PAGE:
Ex-Google+ Engineer: “Sharing Was Not Broken … Google Just Wasn’t Part Of It”

microsoft-google-logosThe war of words between Google and Microsoft has gotten personal.

While the two companies have recently been trading shots via ad campaigns and blog posts, today a former Googler — and current Microsoftie — jumped into the fray, calling Google+ a “state-owned, corporate mandate” and saying that any “ideas that failed to put Google+ at the center of the universe were a distraction” during his time there.

His name is James Whittaker, and his 33-month tenure at Google from May 2009 to February 2012 includes time before and after Larry Page became CEO. Whittaker says that “Google was run like an innovation factory” while Eric Schmidt was CEO, but the threat of Facebook’s dominance in social changed the company when Page replaced him.

Social became state-owned, a corporate mandate called Google+. It was an ominous name invoking the feeling that Google alone wasn’t enough. Search had to be social. Android had to be social. You Tube, once joyous in their independence, had to be … well, you get the point. Even worse was that innovation had to be social. Ideas that failed to put Google+ at the center of the universe were a distraction.

Whittaker says he worked on Google+ and has harsh words for Google’s young social network (or “layer,” as Google would prefer everyone call it). He references the Google+ announcement, in which the company says “online sharing is awkward. Even broken. And we aim to fix it.”

As it turned out, sharing was not broken. Sharing was working fine and dandy, Google just wasn’t part of it. People were sharing all around us and seemed quite happy. A user exodus from Facebook never materialized. I couldn’t even get my own teenage daughter to look at Google+ twice, “social isn’t a product,” she told me after I gave her a demo, “social is people and the people are on Facebook.” Google was the rich kid who, after having discovered he wasn’t invited to the party, built his own party in retaliation. The fact that no one came to Google’s party became the elephant in the room.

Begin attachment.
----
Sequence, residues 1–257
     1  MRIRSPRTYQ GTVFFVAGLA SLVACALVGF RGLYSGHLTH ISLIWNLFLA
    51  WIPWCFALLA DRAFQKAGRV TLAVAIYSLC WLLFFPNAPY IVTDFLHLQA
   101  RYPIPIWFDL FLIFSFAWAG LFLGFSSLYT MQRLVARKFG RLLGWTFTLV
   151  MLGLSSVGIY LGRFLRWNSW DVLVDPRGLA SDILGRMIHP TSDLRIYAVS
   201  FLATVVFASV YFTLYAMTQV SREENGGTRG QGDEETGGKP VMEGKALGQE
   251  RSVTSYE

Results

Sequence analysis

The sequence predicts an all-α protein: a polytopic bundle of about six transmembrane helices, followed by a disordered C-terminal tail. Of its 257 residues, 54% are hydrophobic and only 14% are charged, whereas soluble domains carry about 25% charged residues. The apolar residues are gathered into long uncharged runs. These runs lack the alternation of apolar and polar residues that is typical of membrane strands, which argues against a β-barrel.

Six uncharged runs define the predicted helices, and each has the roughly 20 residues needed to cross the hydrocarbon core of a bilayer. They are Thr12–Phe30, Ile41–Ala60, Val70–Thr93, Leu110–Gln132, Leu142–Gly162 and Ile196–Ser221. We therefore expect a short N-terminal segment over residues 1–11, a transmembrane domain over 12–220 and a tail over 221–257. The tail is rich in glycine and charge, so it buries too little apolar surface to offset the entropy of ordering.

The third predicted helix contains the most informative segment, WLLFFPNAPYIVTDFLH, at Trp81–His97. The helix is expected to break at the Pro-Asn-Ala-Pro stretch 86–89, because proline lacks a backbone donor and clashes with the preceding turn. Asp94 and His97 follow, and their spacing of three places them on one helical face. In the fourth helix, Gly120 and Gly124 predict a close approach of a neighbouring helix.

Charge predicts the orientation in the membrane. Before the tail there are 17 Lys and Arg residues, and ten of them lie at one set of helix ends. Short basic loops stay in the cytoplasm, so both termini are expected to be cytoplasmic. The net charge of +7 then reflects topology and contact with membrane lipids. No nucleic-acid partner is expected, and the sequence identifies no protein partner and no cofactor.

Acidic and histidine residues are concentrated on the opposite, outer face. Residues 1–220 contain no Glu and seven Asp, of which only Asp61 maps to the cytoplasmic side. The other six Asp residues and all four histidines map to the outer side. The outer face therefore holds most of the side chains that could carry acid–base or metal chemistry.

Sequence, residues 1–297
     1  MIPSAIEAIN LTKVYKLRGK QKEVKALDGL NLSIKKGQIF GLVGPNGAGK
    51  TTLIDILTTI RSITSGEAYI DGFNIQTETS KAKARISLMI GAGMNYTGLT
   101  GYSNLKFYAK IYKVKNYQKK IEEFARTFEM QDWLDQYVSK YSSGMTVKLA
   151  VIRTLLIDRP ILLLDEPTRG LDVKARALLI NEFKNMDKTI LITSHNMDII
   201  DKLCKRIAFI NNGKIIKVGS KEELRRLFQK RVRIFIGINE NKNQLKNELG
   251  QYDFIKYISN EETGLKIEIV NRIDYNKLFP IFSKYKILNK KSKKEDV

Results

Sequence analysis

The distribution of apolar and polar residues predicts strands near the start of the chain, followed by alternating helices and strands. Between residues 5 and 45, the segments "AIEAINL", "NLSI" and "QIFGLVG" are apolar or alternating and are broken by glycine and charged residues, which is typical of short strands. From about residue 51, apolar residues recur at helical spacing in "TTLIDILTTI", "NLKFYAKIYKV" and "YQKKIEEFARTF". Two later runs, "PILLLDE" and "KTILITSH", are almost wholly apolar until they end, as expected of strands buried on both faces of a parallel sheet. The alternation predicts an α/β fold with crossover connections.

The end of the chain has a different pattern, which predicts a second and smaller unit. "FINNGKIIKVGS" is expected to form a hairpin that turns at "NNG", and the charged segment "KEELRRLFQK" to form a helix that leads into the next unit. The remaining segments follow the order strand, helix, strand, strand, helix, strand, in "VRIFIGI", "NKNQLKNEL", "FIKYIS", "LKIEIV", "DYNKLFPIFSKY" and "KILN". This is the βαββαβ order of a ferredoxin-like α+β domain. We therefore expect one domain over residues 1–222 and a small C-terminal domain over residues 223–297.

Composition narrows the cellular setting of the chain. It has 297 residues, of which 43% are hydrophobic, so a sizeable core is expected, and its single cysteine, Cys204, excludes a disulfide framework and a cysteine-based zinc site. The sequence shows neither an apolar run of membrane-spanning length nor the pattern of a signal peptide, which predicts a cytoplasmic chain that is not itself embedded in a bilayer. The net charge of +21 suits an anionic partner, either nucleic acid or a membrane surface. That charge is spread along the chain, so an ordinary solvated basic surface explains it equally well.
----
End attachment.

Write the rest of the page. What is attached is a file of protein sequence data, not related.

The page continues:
He’s referring to what’s generally considered to be very minimal adoption of Google+ among the general public. ComScore recently reported that Google+ users spend only three minutes per month using the service, compared to more than 400 minutes per month that Facebook users spend there. There are reports that brands using Google+ are gaining substantial amounts of followers, but there are also questions about whether those followers are real people. (To be fair, there are also questions about spam accounts as subscribers on Facebook.)

In its defense, Google has said that Google+ is not a destination site like Facebook is, but a “social layer” that impacts users across all multiple Google properties. Google even refuses to say how many people actually use Google+, instead preferring to talk about how many Google+ account holders use any Google product.

Whittaker’s claims are somewhat reminiscent of those made in October by Google employee Steve Yegge, who called Google+ a “knee-jerk reaction” to Facebook and “a study in short-term thinking.” But there’s one important difference: Yegge’s post was published accidentally and not meant for wide reading.

You can be sure that’s not the case with Whittaker’s article.

Related Topics: Channel: Social Media Marketing | Features & Analysis | Google: Google+ | Social Media Marketing | Top News

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About The Author: is Editor-In-Chief of Marketing Land. His news career includes time spent in TV, radio, and print journalism. His web career continues to include a small number of SEO and social media consulting clients, as well as regular speaking engagements at marketing events around the U.S. He recently launched a site dedicated to Google Glass called Glass Almanac and also blogs at Small Business Search Marketing. Matt can be found on Twitter at @MattMcGee and/or on Google Plus. You can read Matt's disclosures on his personal blog.

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  • http://www.facebook.com/jerry.frear Jerry Frear Jr.

    Funny actually…………. I would say G+ isn’t going away……….and since its not even a year old….I think judgement must come at a later date. Angry ex-employees should always be taken with a grain of salt.

  • http://twitter.com/mattcrouch Matt Crouch

    I remember getting the invite to G+. I was enthusiastic, ready to drop facebook. A couple weeks after launch, I was bored. Google had made a second rate Facebook with its marketing around “circles”. Circles? really? I hated the circles, in the same way I didnt want to use Facebook lists. As time went on and my friends didn’t really care about it, I had no reason to use it.